2

As a passionate programmer I suggest for you to look at the amazing things that you can do with programming: Computer will folow your words, you are his master. The math is language of nature, but programming is language of the machine. If you start a company you only need a computer witch is like free ;) The programming tutorials are the bigest and all ...


2

When it comes to programming we're on the same page, I am somewhat a starter in programming and often times I find myself feelings stupid too, thinking how on earth did people manage to learn it. I may not be an expert yet So my advice won't be technical but an advice that will keep you going. Don't give up. As Anthony Liccione said "Don't give up because ...


2

Programing can be fun. Especially if you like Math and Languages - you are likely the type of person who can enjoy programming. But it can be very frustrating at times as well. The most important in making the new activity likeable is to achieve the so called Flow state - when tasks that you perform are hard enough to be interesting, but easy enough to be ...


1

Why do you program if you don't like to program? Do you work with programming? If so, how did you end up with such a job? Either way, I think it's good to understand the nature of programming. When you're doing something familiar, you're working very fast, and when doing something new, you'll spend a lot of time. This means that you'll spend a lot of time, ...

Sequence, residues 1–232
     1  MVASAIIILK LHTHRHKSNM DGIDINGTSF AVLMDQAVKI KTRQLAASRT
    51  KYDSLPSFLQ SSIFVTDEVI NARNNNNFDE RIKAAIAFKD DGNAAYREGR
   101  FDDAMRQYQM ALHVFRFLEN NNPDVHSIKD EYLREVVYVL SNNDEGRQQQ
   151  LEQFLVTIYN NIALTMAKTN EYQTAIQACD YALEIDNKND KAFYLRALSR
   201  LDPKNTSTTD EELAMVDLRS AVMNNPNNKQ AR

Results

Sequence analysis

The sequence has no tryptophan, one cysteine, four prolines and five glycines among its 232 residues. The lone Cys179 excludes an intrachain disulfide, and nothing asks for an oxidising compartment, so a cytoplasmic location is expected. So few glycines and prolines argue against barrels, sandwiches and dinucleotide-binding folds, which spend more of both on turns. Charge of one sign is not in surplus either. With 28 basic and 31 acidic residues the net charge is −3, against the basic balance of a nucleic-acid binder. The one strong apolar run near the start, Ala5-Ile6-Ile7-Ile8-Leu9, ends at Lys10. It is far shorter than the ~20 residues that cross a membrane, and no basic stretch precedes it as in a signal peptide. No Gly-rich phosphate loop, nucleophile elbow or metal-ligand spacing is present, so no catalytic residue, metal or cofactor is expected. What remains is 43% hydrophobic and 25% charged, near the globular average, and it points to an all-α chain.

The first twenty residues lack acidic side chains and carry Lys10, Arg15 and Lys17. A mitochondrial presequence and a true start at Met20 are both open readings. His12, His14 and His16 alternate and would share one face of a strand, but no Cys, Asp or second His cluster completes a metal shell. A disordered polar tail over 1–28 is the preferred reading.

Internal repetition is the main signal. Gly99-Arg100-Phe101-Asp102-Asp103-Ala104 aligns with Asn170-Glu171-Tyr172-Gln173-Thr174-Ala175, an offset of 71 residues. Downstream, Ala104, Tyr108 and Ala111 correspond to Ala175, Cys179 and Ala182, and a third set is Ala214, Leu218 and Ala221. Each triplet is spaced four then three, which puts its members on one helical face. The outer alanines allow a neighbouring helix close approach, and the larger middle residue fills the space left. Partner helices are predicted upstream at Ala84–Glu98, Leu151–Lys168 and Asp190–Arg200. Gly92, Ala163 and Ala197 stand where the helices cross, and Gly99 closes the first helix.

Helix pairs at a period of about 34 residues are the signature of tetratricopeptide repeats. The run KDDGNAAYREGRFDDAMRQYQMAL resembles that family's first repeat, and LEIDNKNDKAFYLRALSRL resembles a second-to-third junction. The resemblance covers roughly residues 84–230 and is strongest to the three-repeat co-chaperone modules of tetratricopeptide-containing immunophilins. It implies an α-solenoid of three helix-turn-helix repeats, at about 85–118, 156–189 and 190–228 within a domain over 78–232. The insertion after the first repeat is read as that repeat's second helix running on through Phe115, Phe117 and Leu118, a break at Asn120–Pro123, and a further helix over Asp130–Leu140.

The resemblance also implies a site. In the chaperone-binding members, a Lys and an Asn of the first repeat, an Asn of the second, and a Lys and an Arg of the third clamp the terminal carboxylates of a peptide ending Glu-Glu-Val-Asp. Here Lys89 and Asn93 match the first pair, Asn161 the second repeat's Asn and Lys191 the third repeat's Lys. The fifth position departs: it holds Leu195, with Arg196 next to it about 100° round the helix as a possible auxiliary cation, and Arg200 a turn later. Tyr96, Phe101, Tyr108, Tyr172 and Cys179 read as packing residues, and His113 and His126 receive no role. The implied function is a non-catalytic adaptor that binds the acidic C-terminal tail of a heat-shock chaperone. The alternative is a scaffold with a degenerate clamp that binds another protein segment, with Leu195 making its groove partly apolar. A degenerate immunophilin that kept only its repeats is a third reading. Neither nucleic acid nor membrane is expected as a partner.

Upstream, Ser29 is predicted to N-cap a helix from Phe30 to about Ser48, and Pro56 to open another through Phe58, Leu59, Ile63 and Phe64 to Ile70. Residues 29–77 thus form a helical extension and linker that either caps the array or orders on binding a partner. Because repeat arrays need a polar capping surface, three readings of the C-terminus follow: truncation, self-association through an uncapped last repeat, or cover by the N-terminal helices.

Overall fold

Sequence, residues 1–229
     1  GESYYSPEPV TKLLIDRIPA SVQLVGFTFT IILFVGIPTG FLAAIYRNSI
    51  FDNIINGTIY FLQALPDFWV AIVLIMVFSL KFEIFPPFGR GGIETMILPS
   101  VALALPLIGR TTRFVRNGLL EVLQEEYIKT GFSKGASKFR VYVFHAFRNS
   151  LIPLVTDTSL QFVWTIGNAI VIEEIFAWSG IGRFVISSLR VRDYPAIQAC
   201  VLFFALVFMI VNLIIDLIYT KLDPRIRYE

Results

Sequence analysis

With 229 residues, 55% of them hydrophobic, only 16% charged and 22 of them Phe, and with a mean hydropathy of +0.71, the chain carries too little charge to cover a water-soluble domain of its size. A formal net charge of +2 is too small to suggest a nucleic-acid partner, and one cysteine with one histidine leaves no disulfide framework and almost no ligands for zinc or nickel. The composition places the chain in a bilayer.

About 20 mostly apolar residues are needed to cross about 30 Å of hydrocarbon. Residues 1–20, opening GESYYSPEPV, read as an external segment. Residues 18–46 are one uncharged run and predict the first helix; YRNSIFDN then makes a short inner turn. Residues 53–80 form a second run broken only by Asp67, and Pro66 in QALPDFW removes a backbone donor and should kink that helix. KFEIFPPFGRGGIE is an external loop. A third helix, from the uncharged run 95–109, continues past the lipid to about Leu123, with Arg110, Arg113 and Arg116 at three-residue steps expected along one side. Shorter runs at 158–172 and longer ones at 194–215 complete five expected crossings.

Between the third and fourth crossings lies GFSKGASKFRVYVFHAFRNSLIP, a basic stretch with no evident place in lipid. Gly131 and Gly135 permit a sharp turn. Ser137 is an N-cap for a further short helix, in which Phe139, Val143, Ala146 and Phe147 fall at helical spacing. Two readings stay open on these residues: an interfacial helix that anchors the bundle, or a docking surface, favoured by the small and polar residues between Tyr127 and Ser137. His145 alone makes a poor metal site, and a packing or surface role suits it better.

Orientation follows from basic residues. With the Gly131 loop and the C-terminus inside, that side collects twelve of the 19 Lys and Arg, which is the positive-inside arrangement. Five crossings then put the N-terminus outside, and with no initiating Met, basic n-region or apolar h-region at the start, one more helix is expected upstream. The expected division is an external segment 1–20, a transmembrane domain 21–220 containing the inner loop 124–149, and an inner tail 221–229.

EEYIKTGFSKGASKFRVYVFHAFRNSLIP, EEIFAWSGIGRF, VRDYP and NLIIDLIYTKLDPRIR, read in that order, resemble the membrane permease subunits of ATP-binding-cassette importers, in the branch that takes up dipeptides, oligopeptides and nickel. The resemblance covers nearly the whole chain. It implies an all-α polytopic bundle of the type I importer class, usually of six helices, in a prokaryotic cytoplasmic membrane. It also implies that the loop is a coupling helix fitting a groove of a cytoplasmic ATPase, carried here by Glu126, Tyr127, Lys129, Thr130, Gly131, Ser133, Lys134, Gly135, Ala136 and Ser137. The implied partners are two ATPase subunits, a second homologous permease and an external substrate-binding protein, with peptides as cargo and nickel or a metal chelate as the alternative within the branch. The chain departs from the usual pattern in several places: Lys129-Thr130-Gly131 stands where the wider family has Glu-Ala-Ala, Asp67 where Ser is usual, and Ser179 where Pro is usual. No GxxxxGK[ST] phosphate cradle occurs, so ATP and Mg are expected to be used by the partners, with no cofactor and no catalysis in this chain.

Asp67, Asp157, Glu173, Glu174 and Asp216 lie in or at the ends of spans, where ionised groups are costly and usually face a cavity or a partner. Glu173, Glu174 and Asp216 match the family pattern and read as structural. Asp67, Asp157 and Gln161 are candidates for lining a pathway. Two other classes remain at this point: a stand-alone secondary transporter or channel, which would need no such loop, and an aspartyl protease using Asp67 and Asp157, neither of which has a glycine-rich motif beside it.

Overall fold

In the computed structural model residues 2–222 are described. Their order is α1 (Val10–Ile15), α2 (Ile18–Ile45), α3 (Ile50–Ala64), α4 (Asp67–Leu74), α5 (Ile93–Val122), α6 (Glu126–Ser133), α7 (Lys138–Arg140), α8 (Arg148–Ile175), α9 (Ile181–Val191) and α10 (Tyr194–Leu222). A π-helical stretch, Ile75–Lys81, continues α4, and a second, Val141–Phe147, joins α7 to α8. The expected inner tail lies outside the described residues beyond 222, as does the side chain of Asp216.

1

The fact that you've realised competition can be a destructive force is a very good starting point. I agree that you should try to be the best version of yourself and improve continuously, but trying to be better than the ones next to you for the sake of it, is outright absurd. Your goal should be to maximise happiness, not to sacrifice your joy to try ...


1

Everyone in the world is selfish. If they give you an inspiring lecture, it is because they need something from you. Similarly you need something from them like money, reputation, promotion, connections, experience etc.. Do your work well and get these rewards from them. The whole world works in a give and take manner. My personal opinion about the ...


1

I won't directly answer your question, but this may be helpful, and it's too much for a comment. What you describe is a standard "daily stand-up meeting". This is a canonical component of the Scrum software development framework, but it also makes sense in other contexts. Typically, such a "daily scrum" has three agenda points for each participant: What ...


1

To be honest, this is too big a topic to tackle here (and the depression part may actually be off topic) but I do have a few things for you to consider: You completed your graduation. Not everyone can do that. So, start focusing on your qualities and not just your weaknesses. Grades are not the only thing that determines whether you get a job or not. ...


1

You could also try taking small breaks of exactly the same time for a while. After you're getting into a habit of finishing your break in time and getting back to work, you can increase the time span, until it feels comfortable. By that time you should have a habit of plugging in back after a pause.